Washington - It is almost a cliche that getting more women
into power is a good way to tackle corruption. Women, the argument goes, are
less likely to take bribes or put personal gain before public good.
But is it true?
While many bristle at the suggestion that women are the
"fairer sex," considering it simplistic and even sexist, a growing
body of research hints that the ascent of women might indeed help dent
A deeper look shows the connection between gender and
corruption is more complex than the cliche suggests.
It is not that women are purer than men or immune to the
pull of greed. Rather, the link appears to be that women are more likely to
rise to positions of power in open and democratic political systems, and such
societies are generally more intolerant of wrongdoing, including the abuse of
power and siphoning off of public money.
"It's not about having more women in politics and
saying, 'Ah, that will change everything,'" said Melanne Verveer, US
ambassador for global women's issues.
"It's about changing the gender imbalance and then we
could do a better job of tackling our problems. From what we can glean, you can
tell this would have a salutary effect."
So it might not be a direct cause, but anecdotal evidence
would seem to support the view that with more women in public office the
quality of government improves, and with that. corruption falls.
In Lima, Peru, for instance, a field study by Sabrina Karim
found that public perceptions of whether bribery was a major problem among
traffic police had plummeted in 2012 compared with 14 years earlier. The change
came after recruiting 2 500 women to patrol the streets.
A separate public opinion survey showed 86% approval
for the job done by female traffic officers. From the point of view of the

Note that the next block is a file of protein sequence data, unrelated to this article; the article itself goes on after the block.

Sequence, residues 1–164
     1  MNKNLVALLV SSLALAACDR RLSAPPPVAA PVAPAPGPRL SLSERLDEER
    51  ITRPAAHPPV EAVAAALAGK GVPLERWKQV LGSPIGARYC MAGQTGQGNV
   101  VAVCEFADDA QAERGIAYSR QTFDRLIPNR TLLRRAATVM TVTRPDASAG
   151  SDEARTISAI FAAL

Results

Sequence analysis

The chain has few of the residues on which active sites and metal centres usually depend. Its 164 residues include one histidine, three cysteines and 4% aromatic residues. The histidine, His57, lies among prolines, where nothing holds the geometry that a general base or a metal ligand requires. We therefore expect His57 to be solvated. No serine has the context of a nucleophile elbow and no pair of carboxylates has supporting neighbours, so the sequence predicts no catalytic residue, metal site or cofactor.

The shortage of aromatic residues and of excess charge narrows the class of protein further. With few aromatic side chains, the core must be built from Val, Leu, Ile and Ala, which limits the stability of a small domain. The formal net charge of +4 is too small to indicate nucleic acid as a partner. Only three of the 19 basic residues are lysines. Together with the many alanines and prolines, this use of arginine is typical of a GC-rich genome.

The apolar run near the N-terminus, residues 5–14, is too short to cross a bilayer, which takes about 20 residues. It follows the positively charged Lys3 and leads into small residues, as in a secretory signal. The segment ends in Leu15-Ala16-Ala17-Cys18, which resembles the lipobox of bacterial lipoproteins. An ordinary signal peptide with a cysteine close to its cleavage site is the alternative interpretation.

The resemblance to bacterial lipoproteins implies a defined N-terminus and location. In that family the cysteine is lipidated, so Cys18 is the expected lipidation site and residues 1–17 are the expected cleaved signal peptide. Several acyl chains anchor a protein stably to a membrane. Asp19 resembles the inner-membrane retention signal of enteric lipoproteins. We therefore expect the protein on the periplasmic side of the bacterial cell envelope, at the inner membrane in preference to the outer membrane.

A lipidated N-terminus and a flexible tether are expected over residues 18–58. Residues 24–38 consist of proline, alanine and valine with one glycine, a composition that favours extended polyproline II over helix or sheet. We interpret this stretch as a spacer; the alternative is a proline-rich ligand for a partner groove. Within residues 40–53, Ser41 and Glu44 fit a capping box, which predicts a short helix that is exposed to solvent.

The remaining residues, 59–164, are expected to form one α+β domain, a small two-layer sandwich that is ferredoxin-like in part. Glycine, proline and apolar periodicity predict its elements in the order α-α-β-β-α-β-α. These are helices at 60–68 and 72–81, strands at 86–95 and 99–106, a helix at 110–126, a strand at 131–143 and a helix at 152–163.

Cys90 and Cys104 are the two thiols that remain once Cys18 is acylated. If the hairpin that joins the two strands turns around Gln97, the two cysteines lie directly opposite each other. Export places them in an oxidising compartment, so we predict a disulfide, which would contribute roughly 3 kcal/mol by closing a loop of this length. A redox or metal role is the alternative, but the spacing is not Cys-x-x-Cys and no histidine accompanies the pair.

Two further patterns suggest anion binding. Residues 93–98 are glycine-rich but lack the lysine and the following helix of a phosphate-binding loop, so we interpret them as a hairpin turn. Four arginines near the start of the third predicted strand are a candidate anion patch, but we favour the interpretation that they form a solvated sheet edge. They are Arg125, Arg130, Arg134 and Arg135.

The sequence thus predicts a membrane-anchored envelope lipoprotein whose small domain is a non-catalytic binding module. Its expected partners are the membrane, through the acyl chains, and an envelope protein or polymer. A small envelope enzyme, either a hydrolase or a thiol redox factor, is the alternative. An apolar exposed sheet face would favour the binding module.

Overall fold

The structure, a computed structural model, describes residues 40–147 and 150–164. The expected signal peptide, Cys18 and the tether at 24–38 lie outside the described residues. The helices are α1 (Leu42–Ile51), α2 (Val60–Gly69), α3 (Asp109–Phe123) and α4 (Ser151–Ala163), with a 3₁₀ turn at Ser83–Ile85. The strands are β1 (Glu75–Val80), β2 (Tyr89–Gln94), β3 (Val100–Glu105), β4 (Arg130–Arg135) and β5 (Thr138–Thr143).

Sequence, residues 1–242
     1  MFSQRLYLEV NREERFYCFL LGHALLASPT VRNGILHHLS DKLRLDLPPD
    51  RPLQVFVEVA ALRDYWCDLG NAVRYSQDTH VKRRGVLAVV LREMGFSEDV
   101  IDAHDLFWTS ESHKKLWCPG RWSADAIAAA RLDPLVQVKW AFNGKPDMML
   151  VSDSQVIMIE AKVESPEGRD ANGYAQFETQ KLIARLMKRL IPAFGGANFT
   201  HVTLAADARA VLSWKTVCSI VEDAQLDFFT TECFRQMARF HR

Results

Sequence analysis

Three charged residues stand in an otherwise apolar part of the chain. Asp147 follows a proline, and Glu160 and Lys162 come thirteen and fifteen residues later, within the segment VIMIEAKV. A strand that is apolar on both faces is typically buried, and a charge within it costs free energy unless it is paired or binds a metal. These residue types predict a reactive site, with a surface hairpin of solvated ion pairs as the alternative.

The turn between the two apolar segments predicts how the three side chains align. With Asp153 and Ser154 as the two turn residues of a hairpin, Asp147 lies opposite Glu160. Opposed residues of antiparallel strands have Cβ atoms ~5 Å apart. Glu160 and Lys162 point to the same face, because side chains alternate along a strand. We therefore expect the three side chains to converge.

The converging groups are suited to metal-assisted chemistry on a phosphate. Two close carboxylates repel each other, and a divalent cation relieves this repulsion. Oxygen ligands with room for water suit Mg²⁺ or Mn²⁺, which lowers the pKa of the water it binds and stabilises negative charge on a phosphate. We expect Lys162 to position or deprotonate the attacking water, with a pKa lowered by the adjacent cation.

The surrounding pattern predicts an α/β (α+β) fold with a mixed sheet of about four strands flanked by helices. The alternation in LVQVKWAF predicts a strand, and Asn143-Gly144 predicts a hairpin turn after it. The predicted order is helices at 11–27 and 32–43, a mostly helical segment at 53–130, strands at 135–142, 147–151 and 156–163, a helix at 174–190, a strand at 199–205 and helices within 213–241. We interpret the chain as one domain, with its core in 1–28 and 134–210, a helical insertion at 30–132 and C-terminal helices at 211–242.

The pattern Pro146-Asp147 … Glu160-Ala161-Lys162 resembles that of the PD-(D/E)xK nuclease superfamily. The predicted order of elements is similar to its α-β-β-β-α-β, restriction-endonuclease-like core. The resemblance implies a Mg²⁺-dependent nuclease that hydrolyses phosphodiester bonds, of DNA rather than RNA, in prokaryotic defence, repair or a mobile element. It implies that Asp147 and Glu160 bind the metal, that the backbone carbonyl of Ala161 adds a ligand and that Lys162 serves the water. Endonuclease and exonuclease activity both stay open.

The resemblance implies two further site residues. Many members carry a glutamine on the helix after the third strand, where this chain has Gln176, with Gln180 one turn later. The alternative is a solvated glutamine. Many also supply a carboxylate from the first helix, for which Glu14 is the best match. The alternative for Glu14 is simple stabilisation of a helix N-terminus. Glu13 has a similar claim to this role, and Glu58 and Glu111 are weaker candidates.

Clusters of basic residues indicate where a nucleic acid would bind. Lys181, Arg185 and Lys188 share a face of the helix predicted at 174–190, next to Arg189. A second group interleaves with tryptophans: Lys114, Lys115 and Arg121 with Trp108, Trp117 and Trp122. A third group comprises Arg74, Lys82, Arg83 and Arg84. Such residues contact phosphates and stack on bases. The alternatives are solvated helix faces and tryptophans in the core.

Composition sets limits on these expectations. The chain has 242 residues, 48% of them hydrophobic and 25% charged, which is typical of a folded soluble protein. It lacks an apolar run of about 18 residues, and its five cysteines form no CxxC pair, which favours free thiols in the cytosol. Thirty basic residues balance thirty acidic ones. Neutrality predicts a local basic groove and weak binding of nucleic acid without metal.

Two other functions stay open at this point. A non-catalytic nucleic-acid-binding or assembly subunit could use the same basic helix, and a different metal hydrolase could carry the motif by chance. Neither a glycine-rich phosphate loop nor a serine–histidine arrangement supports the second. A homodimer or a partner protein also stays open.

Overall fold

female traffic police, Karim, now a doctoral candidate at Emory University,
found that 95% of those surveyed thought the presence of women on the force had
reduced corruption and 67% believed women were less corrupt.
Mexico has copied Lima and introduced women officers as a
way to tackle corruption.
India also has seen changes since a 1993 law reserved 30% of
seats on village councils for women. The World Bank's annual World Development
Report this year credited this change for increasing the provision of clean
water, sanitation, schools and other public goods in the villages, and for
lower levels of corruption.
The World Bank report found that bribes paid in Indian
villages headed by women were 2.7 to 3.2 percentage points lower than in those
led by men. When men control all the levers of power, researchers say, money is
more likely to be invested in big-ticket construction projects such as road
building where corruption is rife, rather than in schools or clinics.
Breaking the old boy's network
Mahnaz Afkhami, who was minister of state for women's
affairs in Iran from 1975 to 1978, thinks raising women's voices can have a
significant impact on the quality of government.
"There is a direct relationship between the level of
democracy and the presentation of women in leadership and the quality of
governance," said Afkhami.
"They are not part of the old boy's network and they
are less willing to take for granted that this is the way things are
done," she said.
Afkhami is now president of Women's Learning Partnership, a
training and advocacy center for women leaders based in Maryland. During her
tenure in Iran, she oversaw women gaining equal rights to divorce, support for
employment, maternity leave and childcare.
In Nicaragua, a councilman soliciting sex in return for
metal roofing for her home prompted Aurora Arauz to run for a seat on the
Arauz was president of a women's cooperative and trained in
her legal rights, so she filed a police complaint when the council member
sought a sexual bribe, the UN Development Programme reported in a study
published in October on women's perceptions of corruption. The council threw
the man off the body and held a special meeting to improve services for women,
including naming Arauz as a women's coordinator.
All these examples reinforce an influential World Bank study
in 1999, which found that for every standard deviation point increase in women